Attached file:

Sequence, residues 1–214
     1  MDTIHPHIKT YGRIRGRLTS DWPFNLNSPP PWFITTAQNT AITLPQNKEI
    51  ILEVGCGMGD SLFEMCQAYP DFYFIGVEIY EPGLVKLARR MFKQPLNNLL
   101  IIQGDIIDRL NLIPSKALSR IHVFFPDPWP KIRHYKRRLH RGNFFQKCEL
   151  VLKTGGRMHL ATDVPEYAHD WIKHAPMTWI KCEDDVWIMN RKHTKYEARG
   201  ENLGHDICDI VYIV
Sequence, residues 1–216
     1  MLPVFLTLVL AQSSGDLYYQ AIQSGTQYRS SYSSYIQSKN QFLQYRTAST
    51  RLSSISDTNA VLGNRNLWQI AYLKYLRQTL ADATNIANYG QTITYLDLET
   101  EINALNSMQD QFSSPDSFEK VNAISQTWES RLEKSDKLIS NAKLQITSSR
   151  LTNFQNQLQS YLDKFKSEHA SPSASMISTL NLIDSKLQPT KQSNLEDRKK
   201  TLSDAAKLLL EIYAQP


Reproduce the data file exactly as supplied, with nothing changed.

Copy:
Sequence, residues 1–214
     1  MDTIHPHIKT YGRIRGRLTS DWPFNLNSPP PWFITTAQNT AITLPQNKEI
    51  ILEVGCGMGD SLFEMCQAYP DFYFIGVEIY EPGLVKLARR MFKQPLNNLL
   101  IIQGDIIDRL NLIPSKALSR IHVFFPDPWP KIRHYKRRLH RGNFFQKCEL
   151  VLKTGGRMHL ATDVPEYAHD WIKHAPMTWI KCEDDVWIMN RKHTKYEARG
   201  ENLGHDICDI VYIV
Sequence, residues 1–216
     1  MLPVFLTLVL AQSSGDLYYQ AIQSGTQYRS SYSSYIQSKN QFLQYRTAST
    51  RLSSISDTNA VLGNRNLWQI AYLKYLRQTL ADATNIANYG QTITYLDLET
   101  EINALNSMQD QFSSPDSFEK VNAISQTWES RLEKSDKLIS NAKLQITSSR
   151  LTNFQNQLQS YLDKFKSEHA SPSASMISTL NLIDSKLQPT KQSNLEDRKK
   201  TLSDAAKLLL EIYAQP